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The Security Profession Needs to Adopt Just Culture

By Rich

Yesterday Twitter revealed they had accidentally stored plain-text passwords in some log files. There was no indication the data was accessed and users were warned to update their passwords. There was no known breach, but Twitter went public anyway, and was excoriated in the press and… on Twitter.

This is a problem for our profession and industry. We get locked into a cycle where any public disclosure of a breach or security mistake results in:

  • People ripping the organization apart on social media without knowing the facts.
  • Vendors issuing press releases claiming their product would have prevented the issue, without knowing the facts.
  • Press articles focusing on the worst case scenario without any sort of risk analysis… or facts.
  • Plenty of voices saying how simple it is to prevent the problem, without any the concept of complexity or scale of even simple controls (remember kids, simple doesn’t scale).

To be clear, there are cases where organizations are negligent and try to cover up their errors. If a press release says things like “very sophisticated attack”, infosec fairies deservedly lose their wings, but more often than not we focus on blame rather than cause. This is true both in public and for internal investigations.

This is a problem many industries have faced; two in particular have performed extensive research and adopted a concept called Just Culture. It’s time for security to formally adopt Just Culture, including adding it to certifications and training programs.

Aviation and healthcare are two professions/industries which use Just Culture, to different degrees. My background and introduction is on the healthcare side so that’s where I draw from.

First, read this paper available through the National Institutes of Health: https://www.ncbi.nlm.nih.gov/pmc/articles/PMC3776518/.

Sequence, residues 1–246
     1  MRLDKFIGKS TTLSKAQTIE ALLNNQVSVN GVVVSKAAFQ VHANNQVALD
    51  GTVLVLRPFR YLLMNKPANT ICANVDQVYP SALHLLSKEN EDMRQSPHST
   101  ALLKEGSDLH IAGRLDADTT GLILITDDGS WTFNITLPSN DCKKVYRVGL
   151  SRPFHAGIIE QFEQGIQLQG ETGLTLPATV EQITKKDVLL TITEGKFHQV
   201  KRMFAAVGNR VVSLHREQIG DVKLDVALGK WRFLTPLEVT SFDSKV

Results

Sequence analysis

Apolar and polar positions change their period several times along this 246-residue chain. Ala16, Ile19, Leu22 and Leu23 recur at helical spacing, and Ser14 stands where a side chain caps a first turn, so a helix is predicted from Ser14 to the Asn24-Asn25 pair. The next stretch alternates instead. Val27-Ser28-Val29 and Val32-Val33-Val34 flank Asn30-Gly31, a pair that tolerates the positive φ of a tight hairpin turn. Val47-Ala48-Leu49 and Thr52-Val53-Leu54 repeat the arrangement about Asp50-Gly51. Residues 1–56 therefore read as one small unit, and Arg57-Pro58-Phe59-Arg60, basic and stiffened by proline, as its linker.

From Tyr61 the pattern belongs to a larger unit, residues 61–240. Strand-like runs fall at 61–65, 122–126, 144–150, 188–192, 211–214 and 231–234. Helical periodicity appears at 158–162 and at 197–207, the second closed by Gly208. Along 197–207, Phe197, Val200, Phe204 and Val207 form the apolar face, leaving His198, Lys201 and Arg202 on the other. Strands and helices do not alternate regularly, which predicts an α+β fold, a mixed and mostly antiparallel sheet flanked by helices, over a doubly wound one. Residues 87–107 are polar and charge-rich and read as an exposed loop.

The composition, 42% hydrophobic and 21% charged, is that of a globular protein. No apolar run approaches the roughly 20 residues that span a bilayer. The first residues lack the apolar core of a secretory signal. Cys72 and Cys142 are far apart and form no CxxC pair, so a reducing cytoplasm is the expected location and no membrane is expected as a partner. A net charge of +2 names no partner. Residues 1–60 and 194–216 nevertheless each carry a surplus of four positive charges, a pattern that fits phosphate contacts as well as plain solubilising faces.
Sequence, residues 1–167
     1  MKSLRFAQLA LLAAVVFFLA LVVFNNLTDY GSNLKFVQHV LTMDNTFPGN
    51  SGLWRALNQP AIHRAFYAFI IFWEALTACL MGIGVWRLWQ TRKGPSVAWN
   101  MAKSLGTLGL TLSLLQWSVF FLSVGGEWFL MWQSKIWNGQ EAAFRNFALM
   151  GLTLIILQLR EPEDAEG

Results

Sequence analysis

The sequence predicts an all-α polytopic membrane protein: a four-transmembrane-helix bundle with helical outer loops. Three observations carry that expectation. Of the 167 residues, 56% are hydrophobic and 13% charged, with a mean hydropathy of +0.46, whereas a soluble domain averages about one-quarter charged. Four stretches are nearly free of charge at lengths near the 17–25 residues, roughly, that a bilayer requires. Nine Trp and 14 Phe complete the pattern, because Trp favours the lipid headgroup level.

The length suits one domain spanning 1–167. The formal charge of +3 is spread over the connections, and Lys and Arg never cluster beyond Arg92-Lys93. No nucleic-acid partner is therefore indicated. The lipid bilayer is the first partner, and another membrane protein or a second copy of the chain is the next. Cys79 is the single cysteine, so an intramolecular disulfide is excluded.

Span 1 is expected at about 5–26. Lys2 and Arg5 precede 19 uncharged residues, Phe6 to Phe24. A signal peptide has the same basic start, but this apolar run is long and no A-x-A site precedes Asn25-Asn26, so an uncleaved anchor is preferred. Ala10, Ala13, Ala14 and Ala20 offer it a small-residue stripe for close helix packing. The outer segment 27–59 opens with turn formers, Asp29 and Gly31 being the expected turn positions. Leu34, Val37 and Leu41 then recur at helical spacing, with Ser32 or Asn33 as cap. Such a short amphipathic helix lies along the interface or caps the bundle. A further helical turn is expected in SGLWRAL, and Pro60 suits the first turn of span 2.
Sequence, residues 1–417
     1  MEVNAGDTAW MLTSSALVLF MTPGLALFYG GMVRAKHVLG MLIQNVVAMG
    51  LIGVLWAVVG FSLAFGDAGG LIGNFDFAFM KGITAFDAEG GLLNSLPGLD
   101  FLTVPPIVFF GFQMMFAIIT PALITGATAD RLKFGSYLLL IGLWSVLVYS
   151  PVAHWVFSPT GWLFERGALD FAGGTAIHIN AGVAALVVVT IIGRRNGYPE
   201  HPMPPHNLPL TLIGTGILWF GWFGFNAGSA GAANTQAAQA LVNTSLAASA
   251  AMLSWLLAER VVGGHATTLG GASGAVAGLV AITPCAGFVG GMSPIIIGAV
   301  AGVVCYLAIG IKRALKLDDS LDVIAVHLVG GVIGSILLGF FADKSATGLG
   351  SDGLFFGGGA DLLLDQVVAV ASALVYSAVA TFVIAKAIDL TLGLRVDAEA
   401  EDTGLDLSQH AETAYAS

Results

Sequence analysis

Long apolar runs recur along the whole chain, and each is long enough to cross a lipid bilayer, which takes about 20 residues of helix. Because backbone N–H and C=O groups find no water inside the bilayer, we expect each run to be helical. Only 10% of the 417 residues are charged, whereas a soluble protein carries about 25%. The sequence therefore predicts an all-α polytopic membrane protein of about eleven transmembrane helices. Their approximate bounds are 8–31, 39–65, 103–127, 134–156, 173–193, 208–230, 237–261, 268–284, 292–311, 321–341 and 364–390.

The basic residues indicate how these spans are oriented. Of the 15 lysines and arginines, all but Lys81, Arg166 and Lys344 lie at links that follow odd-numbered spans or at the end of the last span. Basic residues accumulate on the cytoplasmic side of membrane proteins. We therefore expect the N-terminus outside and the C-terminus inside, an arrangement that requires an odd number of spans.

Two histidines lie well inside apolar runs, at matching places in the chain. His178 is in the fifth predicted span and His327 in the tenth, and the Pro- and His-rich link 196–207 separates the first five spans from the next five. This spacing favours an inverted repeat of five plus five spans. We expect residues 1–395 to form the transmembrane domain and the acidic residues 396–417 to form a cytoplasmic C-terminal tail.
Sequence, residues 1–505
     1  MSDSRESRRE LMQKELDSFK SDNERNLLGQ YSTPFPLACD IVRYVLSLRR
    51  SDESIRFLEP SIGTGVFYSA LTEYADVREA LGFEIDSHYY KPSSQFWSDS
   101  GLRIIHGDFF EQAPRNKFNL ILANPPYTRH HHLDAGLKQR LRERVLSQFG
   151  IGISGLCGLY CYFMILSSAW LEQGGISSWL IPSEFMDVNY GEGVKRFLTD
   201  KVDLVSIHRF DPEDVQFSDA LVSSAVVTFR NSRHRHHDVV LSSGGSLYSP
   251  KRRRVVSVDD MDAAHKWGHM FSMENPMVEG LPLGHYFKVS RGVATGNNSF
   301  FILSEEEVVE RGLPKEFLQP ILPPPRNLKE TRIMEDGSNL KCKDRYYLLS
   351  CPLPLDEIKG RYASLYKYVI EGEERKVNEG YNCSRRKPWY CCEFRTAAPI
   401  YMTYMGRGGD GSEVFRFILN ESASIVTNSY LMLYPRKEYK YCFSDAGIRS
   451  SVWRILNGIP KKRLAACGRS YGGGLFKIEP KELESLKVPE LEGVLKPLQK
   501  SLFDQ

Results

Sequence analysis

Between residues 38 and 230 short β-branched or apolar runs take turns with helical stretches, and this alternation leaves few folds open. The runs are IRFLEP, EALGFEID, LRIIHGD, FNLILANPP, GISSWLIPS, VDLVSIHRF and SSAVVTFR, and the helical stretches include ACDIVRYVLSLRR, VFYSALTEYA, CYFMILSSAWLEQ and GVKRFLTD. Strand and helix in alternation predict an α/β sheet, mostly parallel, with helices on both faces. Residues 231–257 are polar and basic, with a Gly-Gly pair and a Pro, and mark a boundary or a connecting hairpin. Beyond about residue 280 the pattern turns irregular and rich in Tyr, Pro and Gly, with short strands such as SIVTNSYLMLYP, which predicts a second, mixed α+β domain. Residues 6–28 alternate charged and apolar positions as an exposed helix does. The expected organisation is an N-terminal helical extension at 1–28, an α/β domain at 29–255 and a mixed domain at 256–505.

The focus in Just Culture is to identify and correct the systemic cause, not to blame the individual. Here are some choice quotes:

People make errors. Errors can cause accidents. In healthcare, errors and accidents result in morbidity and adverse outcomes and sometimes in mortality.

One organizational approach has been to seek out errors and identify the responsible individual. Individual punishment follows. This punitive approach does not solve the problem. People function within systems designed by an organization. An individual may be at fault, but frequently the system is also at fault. Punishing people without changing the system only perpetuates the problem rather than solving it.

A just culture balances the need for an open and honest reporting environment with the end of a quality learning environment and culture. While the organization has a duty and responsibility to employees (and ultimately to patients), all employees are held responsible for the quality of their choices. Just culture requires a change in focus from errors and outcomes to system design and management of the behavioral choices of all employees.

In a just culture, both the organization and its people are held accountable while focusing on risk, systems design, human behavior, and patient safety.

The focus is on systemic risk first, and individual… later. This is something we face in healthcare/rescue every day, where many errors result from the system more than the person. For example in some prehospital systems it isn’t uncommon to have two medications with vastly different effects in very similar packaging, resulting in medication errors which can be fatal. That answer isn’t better training but better packaging.

Fix the system – don’t expect perfect behavior.

Let’s apply this to Twitter. Plain text passwords were stored in logs. This is bad, but there are many ways it could have happened. Think of all the levels of logging and software components they have, and all the places passwords might have fallen into logs. Using a Just Culture approach we should reward Twitter for their honesty, and learn what techniques they used to detect the exposed data, and what allowed it to be saved in those logs, undiscovered for so long.

What system issues caused the problem, and how can we prevent them moving forward? Not “Twitter was stupid and got hacked” (because apparently they weren’t).

Just Culture is about fostering an open culture of safety where mistakes – even individual mistakes – are used to improve overall system resilience. It’s our time.

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